The liquidation of Aslan Maskhadov – a new stage of the coup d’état in Russia?
Vladimir Voronov, specially for Prague Watchdog
Maskhadov is dead. But the war continues, because the death of the president of unrecognised Ichkeria has not so far solved any of the essential problems. Yet could it?
However, in order to answer the question “What will happen in Chechnya now?” we must at least know what the disposition of forces was at the moment of Aslan Maskhadov’s murder, and what was the resistance’s real potential. And this is a tricky problem that contains many unknowns.
If it is really true that Maskhadov held in his hands all the controlling threads of military operations, their planning and coordination – then yes, the blow was a powerful one, and the movement was decapitated, if only for the simple reason that there was among the separatists no other figure of equivalent stature, either from the point of view of purely human authority or of military talent. While Shamil Basayev, now de facto becoming the most resistance’s most significant figure, is unquestionably also a talent – but of a completely different kind.
However, if we are to take seriously the Kremlin’s assertions of recent years –
that Maskhadov was only the nominal head of the resistance, that in reality there was no single centre of control, that each of the field commanders acted independently – then Maskhadov’s departure from the political scene does not solve anything at all.
In my view, both of these positions are built on sand, because they completely ignore the reality of today’s Chechen resistance – its military-technological, moral-psychological, human and financial potential. How can one talk of what will happen without having any idea of the purely military resources of the sides involved?
The present-day Chechen resistance is a “ground zero”, a riddle with many unknowns: rumours abound, but no one really knows the real situation. Reliable information about the resistance’s potential is simply not available. Perhaps not even to the special services.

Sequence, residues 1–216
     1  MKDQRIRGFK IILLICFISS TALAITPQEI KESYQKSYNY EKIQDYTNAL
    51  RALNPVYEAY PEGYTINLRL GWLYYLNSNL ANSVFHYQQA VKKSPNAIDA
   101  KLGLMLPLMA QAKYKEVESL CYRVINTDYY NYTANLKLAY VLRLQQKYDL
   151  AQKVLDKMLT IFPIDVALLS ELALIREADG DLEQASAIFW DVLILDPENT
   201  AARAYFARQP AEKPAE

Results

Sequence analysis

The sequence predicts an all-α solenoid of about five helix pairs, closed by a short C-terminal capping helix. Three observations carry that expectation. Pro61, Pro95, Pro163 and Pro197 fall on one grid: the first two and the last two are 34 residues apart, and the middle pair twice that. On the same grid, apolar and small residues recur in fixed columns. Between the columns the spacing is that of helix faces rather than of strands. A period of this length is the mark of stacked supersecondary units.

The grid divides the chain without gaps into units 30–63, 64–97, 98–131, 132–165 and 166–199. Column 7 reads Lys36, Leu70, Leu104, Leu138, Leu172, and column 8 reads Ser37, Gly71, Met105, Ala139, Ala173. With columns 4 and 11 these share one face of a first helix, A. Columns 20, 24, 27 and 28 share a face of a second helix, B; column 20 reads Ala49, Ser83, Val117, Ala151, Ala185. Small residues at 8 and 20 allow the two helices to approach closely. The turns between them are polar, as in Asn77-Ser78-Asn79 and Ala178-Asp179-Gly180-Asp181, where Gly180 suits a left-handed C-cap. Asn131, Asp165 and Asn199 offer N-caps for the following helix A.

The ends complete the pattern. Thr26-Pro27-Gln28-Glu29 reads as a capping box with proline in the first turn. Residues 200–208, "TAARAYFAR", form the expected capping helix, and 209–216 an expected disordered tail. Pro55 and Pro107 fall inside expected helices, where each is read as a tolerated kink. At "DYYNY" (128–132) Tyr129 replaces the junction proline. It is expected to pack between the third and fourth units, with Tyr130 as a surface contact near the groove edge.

Opening the way to radicals
In spite of all this, though, one thing is obvious: Maskhadov’s death cannot fail to bring about changes. But of what kind? On a superficial analysis, that he will be avenged, that a great many field commanders will have their hands untied, and that the last obstacle in the way of the crazy extremists – not only the Basayevs, but the Barayevs – has fallen. And that the show will no longer be run by those who until now have only taken up arms in order to avenge their murdered relatives. Nor even by those who are fanatically ready to stand up for the cause of Chechen independence – they, indeed, are few in number.
No, Maskhadov’s death opens the way to radicals of a different kind. Just who they are may be gathered from a study of the materials on the Kavkaz-Center website, which traditionally expresses the views of Udugov and Basayev rather than those of moderate leaders of the Maskhadov type.
Here is a fairly typical position of the site, diplomatically outlined, it is true, in the words of Boris Stomakhin, editor of the newspaper Radikal’naya politika on December 28 2004: “After all that has been done to them, the Chechens are now fully entitled to revenge. They have a full moral right to attack the enemy-aggressor on his own territory, as without blinking an eye this enemy has destroyed a quarter of their small nation. The Chechens would have a right to revenge even if all the Russian occupying forces had cleared out of Chechnya long ago…”
After Maskhadov’s death these sentiments were more clearly expressed by the political scientist Saad Minkailov: there is no reason to regret that the peace process is being postponed for an indefinite period – “All those discussions are off the mark. They don’t concord with our aims. The war will take its course, and we shall have to fight, and fight again.”
And fight not at all for Chechnya’s freedom, since “the slogan… of driving out the occupiers from the territory of Ichkeria doesn’t produce any results. We shall gain nothing by them moving their military hardware 150 or 200 kilometres away from the site of today’s deployment and signing some papers or other. The logic of events dictates a different task: to drive the Russian occupiers out of the whole of the Caucasus.” But “the lawlessness being perpetrated by the Kremlin regime throughout the entire North Caucasus makes that task easier.” In other words, the worse things get, the better.
It is true that Shamil Basayev himself only outlined his position after a rather lengthy pause, and then somewhat vaguely. Though in the interview he gave to Kavkaz Center on March 28 he did not attempt to conceal his satisfaction that by getting rid of Maskhadov, Moscow was untying his hands: “All the mujaheddin have taken Aslan’s death calmly, one might even say with satisfaction, in the sense that it has given them the resolve to continue the struggle….”